MANDEVILLE, Manchester — With the country experiencing drought, Government Minister Matthew Samuda says the Administration is looking to tap into more wells to supplement the country's water supply.
"All options are on the table for all parishes across the country. There are many wells that we would have rested in recent times, because sometimes the quality of water, the cost of extraction, because not all wells extract at the same costs that we have had to turn on to ensure that people are getting some amount of water in their pipes," he said on Thursday.
"There are many wells that we are looking at. Obviously, we have to look at the quality. Some wells nationally are facing salt-water intrusion as well as high nitrate quantities, so we are looking at all the options and whenever we find a well that can be easily accessed and reasonably accessed from a cost perspective, we [will] mobilise it quickly and rest other systems," added Samuda.
He was responding to questions posed by journalists while on tour of the Greater Mandeville Water Supply Improvement Project. He said the Government has spent over $670 million on the project, which he estimates will surpass $4 billion for completion.
"Over the next 12 to 24 months, residents at each node will start to see the improvement in the regularity, reliability of their water supply. This is a major capital investment to benefit the communities of Pepper, Gutters, Font Hill and Goshen heading all the way to the people of Mandeville," said Samuda.
The Pepper well field, downslope at low altitude in St Elizabeth, is the main source of water for Mandeville, which is more than 2,000 feet above sea level, atop the Manchester Plateau.
He said the Pepper well field is being upgraded.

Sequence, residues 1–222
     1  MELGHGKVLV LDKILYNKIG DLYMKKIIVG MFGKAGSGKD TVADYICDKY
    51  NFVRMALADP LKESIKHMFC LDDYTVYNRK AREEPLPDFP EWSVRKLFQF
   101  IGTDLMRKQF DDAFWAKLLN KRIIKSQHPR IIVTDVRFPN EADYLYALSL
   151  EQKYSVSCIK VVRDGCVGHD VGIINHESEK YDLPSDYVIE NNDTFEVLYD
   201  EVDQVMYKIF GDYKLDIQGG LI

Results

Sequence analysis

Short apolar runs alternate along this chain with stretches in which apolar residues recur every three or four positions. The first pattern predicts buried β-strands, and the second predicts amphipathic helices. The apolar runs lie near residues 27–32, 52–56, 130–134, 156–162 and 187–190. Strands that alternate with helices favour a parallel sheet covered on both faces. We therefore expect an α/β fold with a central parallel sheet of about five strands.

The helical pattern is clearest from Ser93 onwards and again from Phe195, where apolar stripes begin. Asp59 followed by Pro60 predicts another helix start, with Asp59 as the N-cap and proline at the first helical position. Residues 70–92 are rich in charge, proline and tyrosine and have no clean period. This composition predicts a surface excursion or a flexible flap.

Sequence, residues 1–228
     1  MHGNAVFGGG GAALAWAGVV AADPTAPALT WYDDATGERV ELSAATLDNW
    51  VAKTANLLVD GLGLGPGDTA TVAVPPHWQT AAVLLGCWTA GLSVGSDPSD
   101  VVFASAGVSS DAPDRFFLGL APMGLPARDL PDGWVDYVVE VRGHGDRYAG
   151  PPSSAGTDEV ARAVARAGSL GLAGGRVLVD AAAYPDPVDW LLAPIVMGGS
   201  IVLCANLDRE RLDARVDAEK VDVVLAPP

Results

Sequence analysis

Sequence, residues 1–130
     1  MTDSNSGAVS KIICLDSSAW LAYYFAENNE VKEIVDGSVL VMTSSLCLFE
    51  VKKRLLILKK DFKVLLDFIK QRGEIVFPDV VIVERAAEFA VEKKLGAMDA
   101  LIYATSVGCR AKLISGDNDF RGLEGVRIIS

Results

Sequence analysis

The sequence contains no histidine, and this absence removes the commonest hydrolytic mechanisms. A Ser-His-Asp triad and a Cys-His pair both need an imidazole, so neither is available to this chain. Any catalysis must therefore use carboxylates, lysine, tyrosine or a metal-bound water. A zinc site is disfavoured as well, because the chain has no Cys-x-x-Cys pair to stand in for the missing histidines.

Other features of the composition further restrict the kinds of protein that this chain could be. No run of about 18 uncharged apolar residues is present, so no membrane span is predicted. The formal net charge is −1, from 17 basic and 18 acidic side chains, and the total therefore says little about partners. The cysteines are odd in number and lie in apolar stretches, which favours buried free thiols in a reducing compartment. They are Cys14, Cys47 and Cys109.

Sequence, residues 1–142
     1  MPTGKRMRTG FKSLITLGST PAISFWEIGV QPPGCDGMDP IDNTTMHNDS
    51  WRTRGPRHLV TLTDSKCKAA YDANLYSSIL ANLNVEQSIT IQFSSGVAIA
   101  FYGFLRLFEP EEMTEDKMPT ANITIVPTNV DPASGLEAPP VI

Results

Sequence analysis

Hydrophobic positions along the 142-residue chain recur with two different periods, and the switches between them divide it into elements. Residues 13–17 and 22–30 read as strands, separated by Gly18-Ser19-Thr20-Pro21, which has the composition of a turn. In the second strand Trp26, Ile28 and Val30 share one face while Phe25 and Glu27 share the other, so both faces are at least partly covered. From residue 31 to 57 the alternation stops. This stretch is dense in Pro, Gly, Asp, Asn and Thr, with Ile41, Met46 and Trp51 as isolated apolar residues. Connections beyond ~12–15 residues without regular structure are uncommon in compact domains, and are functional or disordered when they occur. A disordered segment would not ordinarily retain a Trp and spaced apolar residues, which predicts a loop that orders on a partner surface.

"We have already spent some $200 million at that facility and we are seeing the progress of that work. We would have already completed the installation of a 200,000-gallon upgraded tank. The drilling for our new well, which will surpass 500 feet, is well underway. Several other elements are coming together to ensure that we do meet our projected completion timeline of the end of this year for that system," he said.
Minister Samuda reiterated that the Government is planning to utilise solar energy to reduce the high cost of pumping water uphill to Mandeville.
He said the Government remains committed in its response to the current drought.
"The prime minister would have it in his presentation last week Friday at the press conference as it relates to drought mitigation measures. We have committed some $150 million — $50 million in the first tranche, now $100 [million] to deal with the worst affected areas," Samuda said.
"We are monitoring it on a parish by parish level. Nationally in January, we would have had 32 per cent of our 30-year average… in rainfall, so we are having particular challenges, it is a result of climate change. Yes, we are used to drought, but this is a particularly bad drought and we are ensuring that we mobilise as quickly as is possible to ensure that truck deliveries go to the communities which are most affected," he added.
He said the Government has been in consultation with the Meteorological Service to assess the worst-affected areas.
"Some communities have actually started to see drought in November, so the communities having the hardest time are getting served first, so we ask for patience, but we commit that the money is indeed being deployed. We don't enjoy trucking [water], but we do it because it is absolutely critical to ensure that those communities which are suffering the most get served first," said Samuda.
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